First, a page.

(Medical Xpress)—EPFL researchers have decoded the mechanism by which a glucose derivative activates receptors involved in memorization.
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Epigenetic Breakthrough Bolsters Understanding of Alzheimer’s Disease

Epigenetic Breakthrough Bolsters Understanding of Alzheimer’s Disease | Social Neuroscience Advances | Scoop.it
A new study reports people with more Alzheimer's related neuropathology in their brains had higher levels of DNA modifications within the ANK1 gene.
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High-fidelity optical reporting of neuronal electrical activity with an ultrafast fluorescent voltage sensor

High-fidelity optical reporting of neuronal electrical activity with an ultrafast fluorescent voltage sensor | Social Neuroscience Advances | Scoop.it

In this technical report, St-Pierre and colleagues introduce a new genetically encoded voltage sensor called Accelerated Sensor of Action Potentials 1 (ASAP1), which consists of a circularly permuted GFP inserted in the extracellular voltage-sensing domain of a phosphatase. ASAP1 surpasses existing sensors in reliably detecting single action potentials and tracking subthreshold potentials and high-frequency spike trains. (...) -  by St-Pierre F. et al., Nature Neuroscience 17, 884–889 (2014)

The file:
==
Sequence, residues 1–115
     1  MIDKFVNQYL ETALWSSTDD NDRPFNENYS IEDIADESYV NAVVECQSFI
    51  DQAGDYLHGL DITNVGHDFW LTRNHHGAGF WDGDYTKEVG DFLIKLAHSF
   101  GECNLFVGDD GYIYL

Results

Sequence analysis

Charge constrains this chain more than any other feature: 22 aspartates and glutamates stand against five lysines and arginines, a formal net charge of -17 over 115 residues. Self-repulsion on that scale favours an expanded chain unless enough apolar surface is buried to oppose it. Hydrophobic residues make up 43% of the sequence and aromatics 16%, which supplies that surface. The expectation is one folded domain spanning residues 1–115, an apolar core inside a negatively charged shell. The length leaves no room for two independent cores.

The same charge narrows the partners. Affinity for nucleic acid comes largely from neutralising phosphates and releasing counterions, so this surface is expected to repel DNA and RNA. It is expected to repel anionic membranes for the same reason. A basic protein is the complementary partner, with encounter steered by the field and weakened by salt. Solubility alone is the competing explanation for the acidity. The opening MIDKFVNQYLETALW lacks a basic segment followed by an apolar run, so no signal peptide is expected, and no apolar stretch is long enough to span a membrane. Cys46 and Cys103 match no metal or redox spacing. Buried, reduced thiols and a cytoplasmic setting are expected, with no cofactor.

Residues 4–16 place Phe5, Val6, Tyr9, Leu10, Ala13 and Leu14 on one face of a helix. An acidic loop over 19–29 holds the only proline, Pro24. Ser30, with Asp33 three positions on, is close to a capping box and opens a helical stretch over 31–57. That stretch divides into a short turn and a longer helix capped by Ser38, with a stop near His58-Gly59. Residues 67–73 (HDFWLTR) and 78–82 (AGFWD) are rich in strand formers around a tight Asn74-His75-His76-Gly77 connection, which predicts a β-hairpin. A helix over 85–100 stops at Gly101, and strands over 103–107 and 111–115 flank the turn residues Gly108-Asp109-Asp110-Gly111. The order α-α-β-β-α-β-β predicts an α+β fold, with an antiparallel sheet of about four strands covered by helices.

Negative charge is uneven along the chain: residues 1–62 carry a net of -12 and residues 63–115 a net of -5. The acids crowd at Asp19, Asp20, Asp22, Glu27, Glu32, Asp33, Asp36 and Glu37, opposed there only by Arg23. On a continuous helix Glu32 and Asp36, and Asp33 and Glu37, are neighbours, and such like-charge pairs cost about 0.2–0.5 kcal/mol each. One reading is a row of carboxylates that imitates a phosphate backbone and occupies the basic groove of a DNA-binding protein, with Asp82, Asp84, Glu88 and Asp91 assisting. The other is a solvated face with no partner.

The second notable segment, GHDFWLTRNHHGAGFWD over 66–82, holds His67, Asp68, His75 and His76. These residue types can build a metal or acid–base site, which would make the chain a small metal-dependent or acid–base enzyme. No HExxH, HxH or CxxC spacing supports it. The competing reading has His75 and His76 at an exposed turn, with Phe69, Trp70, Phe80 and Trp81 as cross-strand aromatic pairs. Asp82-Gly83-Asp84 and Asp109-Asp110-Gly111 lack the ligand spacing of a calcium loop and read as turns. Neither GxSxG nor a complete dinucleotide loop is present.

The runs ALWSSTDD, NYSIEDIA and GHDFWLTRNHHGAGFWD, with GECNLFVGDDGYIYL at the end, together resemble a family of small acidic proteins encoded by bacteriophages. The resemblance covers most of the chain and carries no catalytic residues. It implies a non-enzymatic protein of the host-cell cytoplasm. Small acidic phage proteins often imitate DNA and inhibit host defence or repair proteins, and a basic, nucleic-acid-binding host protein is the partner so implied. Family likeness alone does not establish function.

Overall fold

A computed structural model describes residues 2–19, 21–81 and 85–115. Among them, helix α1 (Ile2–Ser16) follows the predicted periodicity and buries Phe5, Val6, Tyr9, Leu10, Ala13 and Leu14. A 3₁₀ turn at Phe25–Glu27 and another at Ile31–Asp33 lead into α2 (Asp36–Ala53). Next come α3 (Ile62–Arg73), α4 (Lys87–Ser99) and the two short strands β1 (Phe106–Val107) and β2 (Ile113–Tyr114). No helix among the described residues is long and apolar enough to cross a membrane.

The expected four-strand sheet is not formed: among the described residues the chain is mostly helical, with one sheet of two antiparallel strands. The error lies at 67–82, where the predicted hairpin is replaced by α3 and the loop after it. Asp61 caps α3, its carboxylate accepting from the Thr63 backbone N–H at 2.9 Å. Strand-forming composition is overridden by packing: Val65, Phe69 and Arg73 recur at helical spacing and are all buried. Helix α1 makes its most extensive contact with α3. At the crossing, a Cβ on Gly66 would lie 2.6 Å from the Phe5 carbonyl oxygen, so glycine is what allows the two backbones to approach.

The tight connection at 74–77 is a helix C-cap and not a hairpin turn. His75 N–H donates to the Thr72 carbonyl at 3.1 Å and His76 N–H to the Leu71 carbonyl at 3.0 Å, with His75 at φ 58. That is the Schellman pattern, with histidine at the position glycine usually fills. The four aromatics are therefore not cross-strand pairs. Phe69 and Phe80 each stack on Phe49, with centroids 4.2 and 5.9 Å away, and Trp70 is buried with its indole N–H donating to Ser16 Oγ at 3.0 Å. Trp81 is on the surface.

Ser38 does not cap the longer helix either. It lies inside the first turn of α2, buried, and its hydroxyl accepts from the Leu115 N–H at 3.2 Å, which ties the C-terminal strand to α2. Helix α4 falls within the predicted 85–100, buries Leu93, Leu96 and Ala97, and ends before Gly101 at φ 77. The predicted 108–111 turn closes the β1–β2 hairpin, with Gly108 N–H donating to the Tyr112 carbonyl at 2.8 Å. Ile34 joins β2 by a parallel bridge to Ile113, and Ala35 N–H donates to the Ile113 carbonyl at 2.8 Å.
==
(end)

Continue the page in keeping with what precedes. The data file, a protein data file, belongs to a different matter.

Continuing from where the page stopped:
Via Julien Hering, PhD
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Bypass Commands From the Brain to Legs Through a Computer

Bypass Commands From the Brain to Legs Through a Computer | Social Neuroscience Advances | Scoop.it